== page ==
If auditors or examiners are requesting information on your vendors’ vendors, also known as fourth-party vendors, you may need to pump the brakes on your vendor risk management (VRM) program. Some VRM programs address only your immediate vendors (third-party vendors) and fail to provide an avenue for addressing fourth-party risk, which can make your organization just as vulnerable.
Even though you don’t have direct contact or even a contract with fourth-party vendors, you can still be liable if your current vendors don’t manage the security of their own vendors properly. If one of your vendor’s vendors gets hacked, there’s a possibility the attacker could access your network through your vendor’s environment.
Assessing Fourth-Party Vendors
In this vast ecosystem of connected businesses, it’s critical to know who your vendors rely on for critical business functions. These high-risk, fourth-party vendors are the ones you need to target and ask your vendors for:
- Information on the process and frequency of their vendor assessment program
- Results of the most recent high-risk vendor assessments, including remediation efforts
- A copy of their vendor management policy
Due to privacy issues, your vendors might not be able to divulge some information about their own vendors. Contract terms can often limit the information that is shared. However, at a minimum, you should require that all of your critical vendors have their own vendor risk management programs and certify to it. There are other alternate measures you should take and incorporate in your best practices as well.
Continuous Vendor Monitoring
Internet-facing assets, such as websites, networks, IP addresses and apps, are particularly vulnerable to attack and can provide a gateway directly to your sensitive data. Your vendors, and also your vendors’ vendors, should continuously monitor these assets for breach; however, most don’t.
Vendors make changes every day, and some of these changes can create vulnerabilities, rendering your most recent vendor risk assessment obsolete. Continuous vendor monitoring should be a critical part of your VRM program since it monitors all Internet-facing assets, scans attack surfaces for any issues that could create vulnerability, and alerts you of those potential risks, all hopefully before the vulnerability is discovered by an attacker.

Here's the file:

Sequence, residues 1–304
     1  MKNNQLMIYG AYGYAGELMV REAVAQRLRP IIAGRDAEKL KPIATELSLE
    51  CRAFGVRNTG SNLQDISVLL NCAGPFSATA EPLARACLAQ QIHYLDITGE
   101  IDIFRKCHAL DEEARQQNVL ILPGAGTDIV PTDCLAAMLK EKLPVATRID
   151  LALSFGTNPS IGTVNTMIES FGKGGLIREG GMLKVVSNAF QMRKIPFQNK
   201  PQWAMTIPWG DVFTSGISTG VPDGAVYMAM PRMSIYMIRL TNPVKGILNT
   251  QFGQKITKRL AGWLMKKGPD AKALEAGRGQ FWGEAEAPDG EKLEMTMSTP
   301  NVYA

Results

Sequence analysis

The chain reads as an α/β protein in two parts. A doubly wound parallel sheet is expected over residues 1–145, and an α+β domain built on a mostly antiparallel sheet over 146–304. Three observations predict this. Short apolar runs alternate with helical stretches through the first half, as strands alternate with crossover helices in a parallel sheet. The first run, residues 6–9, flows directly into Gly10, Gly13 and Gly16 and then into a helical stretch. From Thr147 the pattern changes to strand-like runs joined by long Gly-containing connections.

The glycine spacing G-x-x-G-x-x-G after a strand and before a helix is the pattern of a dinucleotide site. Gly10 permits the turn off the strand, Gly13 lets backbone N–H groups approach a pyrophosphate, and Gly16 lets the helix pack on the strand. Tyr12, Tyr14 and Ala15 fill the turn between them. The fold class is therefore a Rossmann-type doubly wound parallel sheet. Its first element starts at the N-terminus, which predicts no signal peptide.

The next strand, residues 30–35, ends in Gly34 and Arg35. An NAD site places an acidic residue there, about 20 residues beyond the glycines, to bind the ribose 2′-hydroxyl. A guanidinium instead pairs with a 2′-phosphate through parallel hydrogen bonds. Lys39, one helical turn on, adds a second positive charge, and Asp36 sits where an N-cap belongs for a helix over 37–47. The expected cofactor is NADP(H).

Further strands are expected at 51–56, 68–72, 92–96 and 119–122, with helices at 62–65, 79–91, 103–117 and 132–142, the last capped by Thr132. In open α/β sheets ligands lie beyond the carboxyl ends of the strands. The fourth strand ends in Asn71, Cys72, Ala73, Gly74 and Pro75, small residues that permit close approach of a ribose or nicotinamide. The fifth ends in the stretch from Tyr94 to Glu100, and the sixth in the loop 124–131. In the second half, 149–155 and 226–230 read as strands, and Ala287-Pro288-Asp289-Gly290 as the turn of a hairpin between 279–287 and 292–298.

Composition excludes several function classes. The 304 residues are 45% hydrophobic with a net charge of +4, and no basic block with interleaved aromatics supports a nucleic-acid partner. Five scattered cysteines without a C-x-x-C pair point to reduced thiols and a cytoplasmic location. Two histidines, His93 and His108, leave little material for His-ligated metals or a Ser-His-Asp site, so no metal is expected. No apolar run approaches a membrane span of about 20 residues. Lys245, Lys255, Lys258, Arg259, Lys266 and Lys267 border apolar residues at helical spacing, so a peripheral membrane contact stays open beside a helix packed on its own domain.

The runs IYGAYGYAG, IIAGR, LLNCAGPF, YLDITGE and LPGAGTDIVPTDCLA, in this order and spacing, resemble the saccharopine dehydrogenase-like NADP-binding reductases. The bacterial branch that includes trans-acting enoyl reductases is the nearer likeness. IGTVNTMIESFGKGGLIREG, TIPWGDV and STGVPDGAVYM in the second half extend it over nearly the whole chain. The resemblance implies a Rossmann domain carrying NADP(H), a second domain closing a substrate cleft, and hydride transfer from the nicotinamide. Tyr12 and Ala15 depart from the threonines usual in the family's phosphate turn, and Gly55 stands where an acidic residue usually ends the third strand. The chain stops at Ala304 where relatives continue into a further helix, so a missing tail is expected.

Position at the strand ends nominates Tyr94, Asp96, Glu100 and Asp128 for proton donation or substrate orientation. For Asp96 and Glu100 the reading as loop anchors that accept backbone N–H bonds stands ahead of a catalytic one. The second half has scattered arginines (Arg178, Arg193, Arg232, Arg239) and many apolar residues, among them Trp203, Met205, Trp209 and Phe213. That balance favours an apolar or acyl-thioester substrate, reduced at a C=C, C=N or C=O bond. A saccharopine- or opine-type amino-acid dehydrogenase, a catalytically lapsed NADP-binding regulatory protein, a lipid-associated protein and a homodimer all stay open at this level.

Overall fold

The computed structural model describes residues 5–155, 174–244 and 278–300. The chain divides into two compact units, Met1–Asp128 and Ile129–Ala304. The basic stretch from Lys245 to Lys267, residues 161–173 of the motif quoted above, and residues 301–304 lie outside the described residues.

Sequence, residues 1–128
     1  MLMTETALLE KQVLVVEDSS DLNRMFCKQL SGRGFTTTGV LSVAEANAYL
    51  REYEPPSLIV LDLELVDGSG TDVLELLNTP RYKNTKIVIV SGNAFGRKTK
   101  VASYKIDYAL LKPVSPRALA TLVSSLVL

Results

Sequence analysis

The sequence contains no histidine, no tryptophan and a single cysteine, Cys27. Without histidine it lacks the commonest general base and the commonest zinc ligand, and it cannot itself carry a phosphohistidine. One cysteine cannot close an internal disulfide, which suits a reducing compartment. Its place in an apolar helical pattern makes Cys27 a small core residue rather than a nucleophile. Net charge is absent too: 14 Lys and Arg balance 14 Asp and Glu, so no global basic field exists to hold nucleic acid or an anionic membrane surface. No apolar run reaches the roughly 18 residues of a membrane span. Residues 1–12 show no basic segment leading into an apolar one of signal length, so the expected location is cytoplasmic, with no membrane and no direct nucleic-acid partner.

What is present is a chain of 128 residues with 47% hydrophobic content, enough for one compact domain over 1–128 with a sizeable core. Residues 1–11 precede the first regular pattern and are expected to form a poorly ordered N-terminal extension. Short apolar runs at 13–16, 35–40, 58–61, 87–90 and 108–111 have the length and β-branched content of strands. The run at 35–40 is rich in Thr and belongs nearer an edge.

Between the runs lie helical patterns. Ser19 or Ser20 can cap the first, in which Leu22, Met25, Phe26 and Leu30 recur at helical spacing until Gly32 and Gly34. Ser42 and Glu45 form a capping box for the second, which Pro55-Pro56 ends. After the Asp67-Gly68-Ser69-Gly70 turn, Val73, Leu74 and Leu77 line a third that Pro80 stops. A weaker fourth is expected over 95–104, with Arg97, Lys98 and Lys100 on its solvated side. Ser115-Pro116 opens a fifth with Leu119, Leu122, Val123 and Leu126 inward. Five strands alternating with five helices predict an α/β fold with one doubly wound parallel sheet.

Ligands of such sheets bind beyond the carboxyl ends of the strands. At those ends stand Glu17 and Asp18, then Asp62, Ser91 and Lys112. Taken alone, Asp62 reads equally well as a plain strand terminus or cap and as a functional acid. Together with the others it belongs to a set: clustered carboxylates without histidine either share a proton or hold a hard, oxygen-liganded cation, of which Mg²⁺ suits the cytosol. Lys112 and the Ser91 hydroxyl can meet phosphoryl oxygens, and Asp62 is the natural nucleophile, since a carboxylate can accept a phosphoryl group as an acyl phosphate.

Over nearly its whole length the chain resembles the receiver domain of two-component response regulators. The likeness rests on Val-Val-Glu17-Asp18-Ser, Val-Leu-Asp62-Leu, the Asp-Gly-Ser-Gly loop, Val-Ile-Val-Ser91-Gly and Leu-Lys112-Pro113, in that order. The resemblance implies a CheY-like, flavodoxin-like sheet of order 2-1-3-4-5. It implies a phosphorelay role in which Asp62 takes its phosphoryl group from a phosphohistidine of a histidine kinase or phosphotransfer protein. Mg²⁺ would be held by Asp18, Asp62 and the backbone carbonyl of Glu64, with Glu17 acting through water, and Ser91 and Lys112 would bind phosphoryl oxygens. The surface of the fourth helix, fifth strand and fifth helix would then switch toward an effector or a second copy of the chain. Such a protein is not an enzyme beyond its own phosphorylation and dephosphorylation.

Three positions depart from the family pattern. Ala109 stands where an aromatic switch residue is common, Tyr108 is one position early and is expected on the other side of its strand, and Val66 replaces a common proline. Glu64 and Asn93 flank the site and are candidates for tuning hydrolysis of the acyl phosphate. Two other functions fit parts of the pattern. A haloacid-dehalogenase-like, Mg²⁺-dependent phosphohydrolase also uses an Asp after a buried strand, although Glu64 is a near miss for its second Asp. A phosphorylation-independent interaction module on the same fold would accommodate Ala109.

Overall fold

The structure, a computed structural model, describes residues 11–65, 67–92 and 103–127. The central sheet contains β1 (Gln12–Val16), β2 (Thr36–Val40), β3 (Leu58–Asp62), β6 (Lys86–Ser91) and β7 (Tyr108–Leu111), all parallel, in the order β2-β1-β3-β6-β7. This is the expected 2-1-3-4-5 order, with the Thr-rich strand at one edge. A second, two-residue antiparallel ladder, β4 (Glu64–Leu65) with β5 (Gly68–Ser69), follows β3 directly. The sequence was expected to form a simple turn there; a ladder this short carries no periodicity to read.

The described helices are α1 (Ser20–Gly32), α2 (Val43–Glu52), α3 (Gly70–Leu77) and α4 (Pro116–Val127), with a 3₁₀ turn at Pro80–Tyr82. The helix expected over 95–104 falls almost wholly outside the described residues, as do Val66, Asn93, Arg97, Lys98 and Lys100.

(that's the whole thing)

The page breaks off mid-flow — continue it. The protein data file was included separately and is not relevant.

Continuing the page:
ThreatScape, ProcessBolt’s continuous monitoring platform, is used by both enterprises and vendors to monitor their own Internet-facing assets, automatically receiving alerts on risks that may affect their environments and may impact the most recent vendor risk assessment rating and remediation recommendations. Threatscape can, and should, be used not only to monitor a company’s own Internet-facing assets, but also those of their critical vendors. In addition, your vendors can ask their own vendors to use ThreatScape, thereby monitoring outlying vulnerabilities from your fourth-party vendors.
ThreatScape allows you to see exactly how a hacker views the gaps in your environment. By simply loading your Internet-facing assets into the ThreatScape dashboard and letting it run in the background, ThreatScape continuously scans your attack surfaces, and those of your vendors, without impacting your systems.
See it in Action
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